Philippine President Ferdinand Marcos Jr. arrived in Japan on Wednesday to hold talks with his Japanese counterpart on deepening security ties amid concerns over China’s increasing assertiveness in the Indo-Pacific.
Marcos will meet with Japan’s Prime Minister Fumio Kishida and other top officials during his five-day visit to Japan to enhance “regional cooperation in a broad range of engagements,” his office said in a statement.
“My bilateral visit to Japan is essential and is part of a larger foreign policy agenda to forge closer political ties, stronger defense, and security cooperation, as well as lasting economic partnerships with major countries in the region amid a challenging global environment,” he said.
Marcos is expected to sign seven key agreements with Japan, which aim to boost cooperation in agriculture, renewable energy, digital transformation, defense, and infrastructure between the two nations.
The Philippine Department of Foreign Affairs said the meeting with Japan will be “consequential” as Marcos seeks to “maximize the full potential of the Philippines-Japan strategic partnership in all its aspects.”
“Japan is the first country with which the Philippines has forged a strategic partnership and is only one of two strategic partners of the Philippines, the other one being Vietnam,” it said in a statement.
This marks Marcos’s first visit to Japan since taking office in June last year, which came just a week after his meeting with U.S. defense secretary Lloyd Austin in Manila on Feb. 2.
During his meeting with Austin, Marcos expressed his hopes to maintain ties with Washington, citing the United States’ role as a “Pacific power,” and granted the United States greater access to the Philippine military bases.
“More specifically here, the Asia-Pacific region has become a terribly complicated situation,” Marcos said. “It is something we can only navigate with the help of our partners and our allies.”
The United States pledged to modernize the Philippine military and boost interoperability between their forces. The Philippines also granted the United States four new military bases under the Enhanced Defense Cooperation Agreement in addition to five existing bases.
Austin said these “efforts are especially important as the People’s Republic of China continues to advance its illegitimate claims in the West Philippine Sea”—the name that Manila uses for the South China Sea.
The Philippines and Japan have sought to bolster defense cooperation as Beijing expanded its military foothold in the Asia–Pacific region.
Marcos said on Jan. 16 that the Association of Southeast Asian Nations is facing “strong pressure” from major powers to choose sides amid geopolitical rivalry in the Indo–Pacific region.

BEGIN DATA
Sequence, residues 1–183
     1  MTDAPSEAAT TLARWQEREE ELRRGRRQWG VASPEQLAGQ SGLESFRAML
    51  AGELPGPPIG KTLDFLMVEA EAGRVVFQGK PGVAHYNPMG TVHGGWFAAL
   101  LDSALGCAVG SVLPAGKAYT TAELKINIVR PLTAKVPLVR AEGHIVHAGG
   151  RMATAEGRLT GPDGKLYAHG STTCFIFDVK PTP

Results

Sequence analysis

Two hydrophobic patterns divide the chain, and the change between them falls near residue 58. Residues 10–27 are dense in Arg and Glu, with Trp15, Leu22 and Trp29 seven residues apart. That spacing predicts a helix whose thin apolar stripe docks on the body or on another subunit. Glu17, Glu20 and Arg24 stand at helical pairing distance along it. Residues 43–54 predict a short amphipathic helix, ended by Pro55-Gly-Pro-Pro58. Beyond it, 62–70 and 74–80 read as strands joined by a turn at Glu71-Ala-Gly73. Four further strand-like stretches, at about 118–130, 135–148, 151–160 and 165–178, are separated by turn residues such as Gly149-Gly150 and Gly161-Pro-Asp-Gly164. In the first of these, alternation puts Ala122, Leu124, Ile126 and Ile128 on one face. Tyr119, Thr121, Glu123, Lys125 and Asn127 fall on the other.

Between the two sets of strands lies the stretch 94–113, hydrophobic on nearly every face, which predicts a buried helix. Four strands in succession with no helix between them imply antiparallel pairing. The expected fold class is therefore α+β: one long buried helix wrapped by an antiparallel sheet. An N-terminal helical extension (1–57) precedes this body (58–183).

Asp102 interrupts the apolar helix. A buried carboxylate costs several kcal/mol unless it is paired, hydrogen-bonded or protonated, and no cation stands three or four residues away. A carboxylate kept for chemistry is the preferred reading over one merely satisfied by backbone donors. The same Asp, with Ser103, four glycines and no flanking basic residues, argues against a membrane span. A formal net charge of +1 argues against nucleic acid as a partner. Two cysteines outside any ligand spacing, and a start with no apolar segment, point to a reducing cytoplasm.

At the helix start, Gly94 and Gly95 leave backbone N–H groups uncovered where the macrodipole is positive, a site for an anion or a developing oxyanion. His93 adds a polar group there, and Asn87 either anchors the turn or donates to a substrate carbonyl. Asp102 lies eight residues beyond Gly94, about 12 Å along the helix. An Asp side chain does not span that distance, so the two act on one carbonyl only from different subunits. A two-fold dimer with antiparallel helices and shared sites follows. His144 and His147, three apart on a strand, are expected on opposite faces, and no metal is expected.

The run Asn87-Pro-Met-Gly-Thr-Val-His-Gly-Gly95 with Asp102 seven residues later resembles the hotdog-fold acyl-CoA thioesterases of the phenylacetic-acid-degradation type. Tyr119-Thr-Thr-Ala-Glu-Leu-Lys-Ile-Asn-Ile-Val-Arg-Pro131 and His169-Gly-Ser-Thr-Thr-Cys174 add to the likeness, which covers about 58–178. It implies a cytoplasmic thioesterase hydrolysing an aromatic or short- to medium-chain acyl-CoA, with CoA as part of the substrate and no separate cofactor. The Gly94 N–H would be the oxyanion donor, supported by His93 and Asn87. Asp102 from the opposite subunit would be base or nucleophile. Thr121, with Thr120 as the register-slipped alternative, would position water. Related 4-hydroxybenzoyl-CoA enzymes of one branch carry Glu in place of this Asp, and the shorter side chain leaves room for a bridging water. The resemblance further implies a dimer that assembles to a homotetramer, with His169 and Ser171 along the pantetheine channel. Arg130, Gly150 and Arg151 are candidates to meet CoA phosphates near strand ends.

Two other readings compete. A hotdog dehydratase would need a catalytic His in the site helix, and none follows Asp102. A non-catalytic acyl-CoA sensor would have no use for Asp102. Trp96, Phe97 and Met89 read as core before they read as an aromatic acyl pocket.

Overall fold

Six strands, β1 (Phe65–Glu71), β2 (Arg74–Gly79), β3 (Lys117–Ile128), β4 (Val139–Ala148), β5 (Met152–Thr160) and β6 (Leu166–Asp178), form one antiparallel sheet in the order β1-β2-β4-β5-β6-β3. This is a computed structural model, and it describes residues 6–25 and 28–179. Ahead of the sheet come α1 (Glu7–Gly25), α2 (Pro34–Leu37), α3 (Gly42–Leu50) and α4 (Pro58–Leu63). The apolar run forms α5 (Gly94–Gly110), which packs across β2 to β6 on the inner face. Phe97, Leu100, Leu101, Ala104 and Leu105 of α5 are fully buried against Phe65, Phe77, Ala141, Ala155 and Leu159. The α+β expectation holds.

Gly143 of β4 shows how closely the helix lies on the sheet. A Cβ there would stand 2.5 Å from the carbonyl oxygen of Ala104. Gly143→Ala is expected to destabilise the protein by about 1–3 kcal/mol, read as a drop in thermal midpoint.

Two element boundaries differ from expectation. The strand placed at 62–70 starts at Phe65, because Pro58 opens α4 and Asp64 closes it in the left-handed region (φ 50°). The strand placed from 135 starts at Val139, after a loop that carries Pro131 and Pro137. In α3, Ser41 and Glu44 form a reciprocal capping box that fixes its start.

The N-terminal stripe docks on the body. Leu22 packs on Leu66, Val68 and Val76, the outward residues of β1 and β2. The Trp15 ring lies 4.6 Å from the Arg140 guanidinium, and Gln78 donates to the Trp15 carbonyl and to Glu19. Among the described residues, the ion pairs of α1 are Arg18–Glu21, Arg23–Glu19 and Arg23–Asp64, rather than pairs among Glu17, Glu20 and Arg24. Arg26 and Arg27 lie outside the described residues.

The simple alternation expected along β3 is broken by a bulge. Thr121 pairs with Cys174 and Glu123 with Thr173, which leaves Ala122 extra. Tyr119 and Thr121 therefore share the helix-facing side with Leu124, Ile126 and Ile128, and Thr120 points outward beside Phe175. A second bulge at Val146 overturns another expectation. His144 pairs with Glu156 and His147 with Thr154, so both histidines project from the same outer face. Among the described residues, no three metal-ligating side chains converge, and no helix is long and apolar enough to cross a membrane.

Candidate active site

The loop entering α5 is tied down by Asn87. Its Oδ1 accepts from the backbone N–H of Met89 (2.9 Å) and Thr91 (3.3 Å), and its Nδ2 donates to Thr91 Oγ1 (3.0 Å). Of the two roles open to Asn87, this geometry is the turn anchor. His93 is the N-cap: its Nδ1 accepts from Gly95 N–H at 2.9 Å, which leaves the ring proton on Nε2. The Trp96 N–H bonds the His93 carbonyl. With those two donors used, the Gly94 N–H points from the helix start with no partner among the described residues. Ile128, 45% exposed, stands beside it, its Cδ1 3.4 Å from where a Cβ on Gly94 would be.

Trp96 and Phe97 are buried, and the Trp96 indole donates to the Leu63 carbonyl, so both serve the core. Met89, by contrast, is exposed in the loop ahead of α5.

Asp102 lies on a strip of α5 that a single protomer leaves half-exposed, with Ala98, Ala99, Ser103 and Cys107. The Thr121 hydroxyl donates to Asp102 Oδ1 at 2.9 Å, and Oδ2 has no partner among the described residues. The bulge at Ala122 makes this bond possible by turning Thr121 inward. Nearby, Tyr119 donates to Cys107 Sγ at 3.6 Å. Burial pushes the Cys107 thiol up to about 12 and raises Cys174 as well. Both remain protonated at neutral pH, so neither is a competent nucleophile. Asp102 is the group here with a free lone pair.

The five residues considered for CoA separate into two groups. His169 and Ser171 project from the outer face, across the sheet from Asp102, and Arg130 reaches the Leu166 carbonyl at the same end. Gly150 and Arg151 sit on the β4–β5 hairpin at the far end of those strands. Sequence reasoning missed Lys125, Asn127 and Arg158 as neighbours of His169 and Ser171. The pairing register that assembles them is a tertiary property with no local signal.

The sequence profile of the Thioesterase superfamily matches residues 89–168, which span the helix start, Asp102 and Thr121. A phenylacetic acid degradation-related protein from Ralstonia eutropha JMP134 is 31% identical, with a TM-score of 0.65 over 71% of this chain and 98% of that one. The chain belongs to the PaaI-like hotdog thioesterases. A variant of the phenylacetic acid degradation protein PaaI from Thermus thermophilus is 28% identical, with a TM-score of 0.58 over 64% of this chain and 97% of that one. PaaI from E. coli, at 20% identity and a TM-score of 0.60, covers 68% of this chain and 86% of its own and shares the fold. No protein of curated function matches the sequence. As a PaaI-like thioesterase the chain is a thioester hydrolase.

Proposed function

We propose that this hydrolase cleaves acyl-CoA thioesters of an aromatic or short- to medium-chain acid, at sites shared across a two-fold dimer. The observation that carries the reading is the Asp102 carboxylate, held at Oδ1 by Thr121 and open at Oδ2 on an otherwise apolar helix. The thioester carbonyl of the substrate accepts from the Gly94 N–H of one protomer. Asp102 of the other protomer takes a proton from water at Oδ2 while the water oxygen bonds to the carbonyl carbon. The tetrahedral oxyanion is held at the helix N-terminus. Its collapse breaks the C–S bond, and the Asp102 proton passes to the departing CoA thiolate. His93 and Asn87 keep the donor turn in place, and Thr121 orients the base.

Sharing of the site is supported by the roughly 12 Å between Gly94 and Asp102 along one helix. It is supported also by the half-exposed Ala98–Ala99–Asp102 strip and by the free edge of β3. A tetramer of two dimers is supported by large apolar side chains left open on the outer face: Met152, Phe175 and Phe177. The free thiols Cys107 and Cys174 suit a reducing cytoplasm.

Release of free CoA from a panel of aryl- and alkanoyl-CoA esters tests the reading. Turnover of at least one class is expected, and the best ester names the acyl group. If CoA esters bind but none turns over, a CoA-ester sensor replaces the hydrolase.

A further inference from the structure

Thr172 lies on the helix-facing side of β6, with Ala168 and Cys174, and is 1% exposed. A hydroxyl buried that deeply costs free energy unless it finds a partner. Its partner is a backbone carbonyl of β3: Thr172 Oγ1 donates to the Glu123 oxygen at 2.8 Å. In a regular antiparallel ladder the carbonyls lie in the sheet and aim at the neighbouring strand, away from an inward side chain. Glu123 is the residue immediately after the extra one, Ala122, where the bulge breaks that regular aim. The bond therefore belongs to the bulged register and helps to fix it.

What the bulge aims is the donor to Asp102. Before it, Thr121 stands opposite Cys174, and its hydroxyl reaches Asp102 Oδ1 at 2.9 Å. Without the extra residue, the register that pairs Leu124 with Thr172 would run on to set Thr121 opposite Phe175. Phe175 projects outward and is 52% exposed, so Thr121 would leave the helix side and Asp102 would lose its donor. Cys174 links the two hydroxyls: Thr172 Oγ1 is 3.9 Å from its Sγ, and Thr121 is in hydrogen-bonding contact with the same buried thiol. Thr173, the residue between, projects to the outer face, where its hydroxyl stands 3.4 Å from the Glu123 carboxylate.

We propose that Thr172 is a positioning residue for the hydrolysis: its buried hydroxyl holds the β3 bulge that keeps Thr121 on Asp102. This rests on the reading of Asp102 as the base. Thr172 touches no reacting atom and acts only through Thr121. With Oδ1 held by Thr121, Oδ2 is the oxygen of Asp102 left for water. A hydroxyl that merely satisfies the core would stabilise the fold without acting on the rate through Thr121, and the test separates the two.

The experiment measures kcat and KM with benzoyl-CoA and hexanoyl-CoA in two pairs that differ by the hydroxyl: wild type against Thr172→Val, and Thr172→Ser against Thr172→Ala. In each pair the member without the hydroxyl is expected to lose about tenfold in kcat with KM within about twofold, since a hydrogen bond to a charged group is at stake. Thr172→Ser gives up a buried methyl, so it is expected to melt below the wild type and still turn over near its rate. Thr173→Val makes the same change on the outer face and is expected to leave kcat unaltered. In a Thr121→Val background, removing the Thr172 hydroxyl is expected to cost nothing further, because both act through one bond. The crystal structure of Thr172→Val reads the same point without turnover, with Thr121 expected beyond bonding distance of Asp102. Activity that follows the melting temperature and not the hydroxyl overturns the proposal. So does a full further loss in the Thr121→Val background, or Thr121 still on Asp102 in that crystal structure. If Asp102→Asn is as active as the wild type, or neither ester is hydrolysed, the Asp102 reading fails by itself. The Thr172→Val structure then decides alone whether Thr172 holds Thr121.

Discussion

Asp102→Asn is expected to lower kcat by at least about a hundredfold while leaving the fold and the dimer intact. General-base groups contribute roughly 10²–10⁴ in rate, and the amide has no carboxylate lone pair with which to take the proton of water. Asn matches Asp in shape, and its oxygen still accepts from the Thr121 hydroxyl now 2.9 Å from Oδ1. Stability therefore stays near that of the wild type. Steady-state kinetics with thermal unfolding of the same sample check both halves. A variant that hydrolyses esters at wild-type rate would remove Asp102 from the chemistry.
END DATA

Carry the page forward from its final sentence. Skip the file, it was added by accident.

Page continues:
“The forces of us going back to that Cold War type of scenario, where you have to choose one side or the other, are strong,” Marcos told reporters in Switzerland, according to the state-run Philippine News Agency.
In December 2022, the Philippines and Japan conducted unit-to-unit exchanges to “expedite cooperation, inter-cooperation, and mutual understanding” between their forces.
This made the Philippines the third nation to which Japan has dispatched fighter jets, after the United States and Australia, according to Japan’s Air Self-Defense Force.
Consuelo Castillo, the Philippine Air Force’s spokesperson, said the exchanges involve aircraft maintenance, medical affairs, base defense, and field meteorology, according to a state-run news agency.
In April 2022, the two nations agreed to increase defense relations through “capability building, reciprocal port calls/ship visits, transfer of more defense equipment and technology, and continuous cooperation on previously-transferred defense equipment.”
In a joint statement, both nations “strongly opposed” actions that would exacerbate tensions in the East and South China Seas, underscoring the need for a rules-based approach to resolving competing claims in maritime areas within the framework of international law.
They called for the implementation of a code of conduct consistent with the Law of the Sea without jeopardizing the legitimate rights of all stakeholders in the disputed sea, according to the statement.
Beijing claims much of the South China Sea as its own under its so-called “nine-dash line.” The Hague Tribunal ruled in favor of the Philippines in 2016. Still, it has had little to no impact on Beijing’s behavior, with it repeatedly intruding into Manila’s territorial zones.
The Philippines sought to increase its military presence in the South China Sea to deter the Chinese from encroaching on its territories. The Southeast Asian nation is also concerned about Beijing’s aggression against Taiwan, given its proximity to the self-ruled island.
Japan, on the other hand, is concerned about its own vulnerability as the Chinese Communist Party expands its military presence near Taiwan and the East China Sea, where the Japanese-controlled Senkaku Islands are located. Japan released its National Security Strategy in December, which refers to China as its “greatest challenge.”